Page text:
Introduction on the Number of the Canons.
(Hefele, History of the Councils, Vol. II., p. 351.)
The number of canons drawn up by this synod is doubtful. The old Greek codices and the Greek commentators of the Middle Ages, Zonaras and Balsamon, enumerate seven; the old Latin translations-viz. the Prisca, those by Dionysius Exiguus and Isidore, as well as the Codex of Luna-only recognize the first four canons of the Greek text, and the fact that they agree in this point is the more important as they are wholly independent of each other, and divide and arrange those canons of Constantinople which they do acknowledge quite differently.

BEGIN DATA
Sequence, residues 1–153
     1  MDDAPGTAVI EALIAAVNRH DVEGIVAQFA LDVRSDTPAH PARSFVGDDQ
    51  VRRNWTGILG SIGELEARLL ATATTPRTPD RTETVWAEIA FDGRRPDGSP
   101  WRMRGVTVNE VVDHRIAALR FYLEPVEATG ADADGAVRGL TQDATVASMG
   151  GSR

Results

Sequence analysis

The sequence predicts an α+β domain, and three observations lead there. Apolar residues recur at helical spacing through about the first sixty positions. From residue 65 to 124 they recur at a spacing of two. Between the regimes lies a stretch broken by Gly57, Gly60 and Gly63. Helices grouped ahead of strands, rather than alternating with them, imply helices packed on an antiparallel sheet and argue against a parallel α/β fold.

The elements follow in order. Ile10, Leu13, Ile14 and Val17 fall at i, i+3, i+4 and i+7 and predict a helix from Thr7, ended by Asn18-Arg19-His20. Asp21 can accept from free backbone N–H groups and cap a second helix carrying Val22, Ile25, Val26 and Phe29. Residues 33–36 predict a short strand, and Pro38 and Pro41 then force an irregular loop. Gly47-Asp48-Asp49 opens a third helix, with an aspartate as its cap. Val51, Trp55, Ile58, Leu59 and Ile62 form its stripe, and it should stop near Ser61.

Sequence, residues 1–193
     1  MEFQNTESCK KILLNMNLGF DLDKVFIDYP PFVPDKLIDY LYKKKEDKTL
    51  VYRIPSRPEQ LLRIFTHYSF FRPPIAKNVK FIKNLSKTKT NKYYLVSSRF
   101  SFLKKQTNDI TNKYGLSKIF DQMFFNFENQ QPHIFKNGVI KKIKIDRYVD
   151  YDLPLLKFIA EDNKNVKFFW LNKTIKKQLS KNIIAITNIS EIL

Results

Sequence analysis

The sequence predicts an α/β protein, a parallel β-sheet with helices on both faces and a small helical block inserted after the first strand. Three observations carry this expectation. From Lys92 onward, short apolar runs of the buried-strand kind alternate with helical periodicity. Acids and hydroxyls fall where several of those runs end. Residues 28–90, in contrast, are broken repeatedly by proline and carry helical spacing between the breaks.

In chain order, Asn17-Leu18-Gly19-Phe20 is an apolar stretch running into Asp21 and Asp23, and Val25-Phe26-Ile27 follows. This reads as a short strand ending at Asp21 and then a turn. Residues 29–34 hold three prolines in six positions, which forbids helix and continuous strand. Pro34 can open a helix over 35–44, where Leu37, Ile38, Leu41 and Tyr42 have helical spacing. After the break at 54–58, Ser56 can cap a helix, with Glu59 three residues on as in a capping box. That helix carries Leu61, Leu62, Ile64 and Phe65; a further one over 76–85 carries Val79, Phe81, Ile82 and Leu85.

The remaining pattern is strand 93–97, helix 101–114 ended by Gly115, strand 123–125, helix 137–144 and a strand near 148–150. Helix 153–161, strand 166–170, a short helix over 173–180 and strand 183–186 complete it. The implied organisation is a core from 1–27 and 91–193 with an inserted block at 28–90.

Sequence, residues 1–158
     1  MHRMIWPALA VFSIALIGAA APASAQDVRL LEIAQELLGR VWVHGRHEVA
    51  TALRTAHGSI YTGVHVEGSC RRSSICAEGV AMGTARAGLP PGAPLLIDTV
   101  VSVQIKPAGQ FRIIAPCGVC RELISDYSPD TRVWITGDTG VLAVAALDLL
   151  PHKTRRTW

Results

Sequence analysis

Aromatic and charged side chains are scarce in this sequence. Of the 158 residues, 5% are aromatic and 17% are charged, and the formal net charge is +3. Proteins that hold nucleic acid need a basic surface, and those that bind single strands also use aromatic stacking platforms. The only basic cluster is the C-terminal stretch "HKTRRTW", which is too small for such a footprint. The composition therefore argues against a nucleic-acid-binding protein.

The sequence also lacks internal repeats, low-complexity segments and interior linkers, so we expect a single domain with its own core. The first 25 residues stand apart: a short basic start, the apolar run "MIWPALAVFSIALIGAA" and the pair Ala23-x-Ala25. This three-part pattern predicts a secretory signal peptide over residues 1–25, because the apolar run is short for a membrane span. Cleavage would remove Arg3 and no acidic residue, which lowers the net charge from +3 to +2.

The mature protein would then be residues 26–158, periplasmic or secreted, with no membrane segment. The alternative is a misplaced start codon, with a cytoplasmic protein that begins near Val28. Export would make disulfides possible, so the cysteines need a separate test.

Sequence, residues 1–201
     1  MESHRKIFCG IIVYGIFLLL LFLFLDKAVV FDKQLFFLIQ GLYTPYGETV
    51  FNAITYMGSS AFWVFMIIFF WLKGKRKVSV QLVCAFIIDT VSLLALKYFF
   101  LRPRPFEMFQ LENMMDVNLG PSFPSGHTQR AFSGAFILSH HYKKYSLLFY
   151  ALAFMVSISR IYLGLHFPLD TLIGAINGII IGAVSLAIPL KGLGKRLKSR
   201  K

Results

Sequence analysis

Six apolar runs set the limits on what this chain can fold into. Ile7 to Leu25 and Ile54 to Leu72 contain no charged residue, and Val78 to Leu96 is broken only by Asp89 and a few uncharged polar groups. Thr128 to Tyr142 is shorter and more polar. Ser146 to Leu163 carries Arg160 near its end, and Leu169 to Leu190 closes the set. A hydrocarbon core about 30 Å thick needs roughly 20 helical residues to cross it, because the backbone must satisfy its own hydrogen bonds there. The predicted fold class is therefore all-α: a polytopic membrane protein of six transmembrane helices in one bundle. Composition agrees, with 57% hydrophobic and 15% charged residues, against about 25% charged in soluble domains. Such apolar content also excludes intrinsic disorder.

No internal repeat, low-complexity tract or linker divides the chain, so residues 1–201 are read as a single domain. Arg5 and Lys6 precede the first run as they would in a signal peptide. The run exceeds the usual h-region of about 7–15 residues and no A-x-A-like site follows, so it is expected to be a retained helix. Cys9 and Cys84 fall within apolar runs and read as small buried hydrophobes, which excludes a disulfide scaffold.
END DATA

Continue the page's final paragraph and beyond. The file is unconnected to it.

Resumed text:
Because, however, in the Prisca the canons of Constantinople are only placed after those of the fourth General Council, the Ballerini brothers conclude that they were not contained at all in the oldest Greek collections of canons, and were inserted after the Council of Chalcedon. But it was at this very Council of Chalcedon that the first three canons of Constantinople were read out word for word. As however, they were not separately numbered, but were there read under the general title of Synodicon Synodi Secundae, Fuchs concluded they were not originally in the form in which we now possess them, but, without being divided into numbers, formed a larger and unbroken decree, the contents of which were divided by later copyists and translators into several different canons. And hence the very different divisions of these canons in the Prisca, Dionysius, and Isidore may be explained. The fact, however, that the old Latin translations all agree in only giving the first four canons of the Greek text, seems to show that the oldest Greek manuscripts, from which those translations were made, did not contain the fifth, sixth, and seventh, and that these last did not properly belong to this Synod, but were later additions. To this must be added that the old Greek Church-historians, in speaking of the affairs of the second General Council, only mention those points which are contained in the first four canons, and say nothing of what, according to the fifth, sixth, and seventh canons, had also been decided at Constantinople. At the very least, the seventh canon cannot have emanated from this Council, since in the sixth century John Scholasticus did not receive it into his collection, although he adopted the fifth and sixth. It is also missing in many other collections; and in treating specially of this canon further on, we shall endeavour to show the time and manner of its origin. But the fifth and sixth canons probably belong to the Synod of Constantinople of the following year, as Beveridge, the Ballerini, and others conjectured. The Greek scholiasts, Zonaras and Balsamon, and later on Tillemont, Beveridge, Van Espen and Herbst, have given more or less detailed commentaries on all these canons.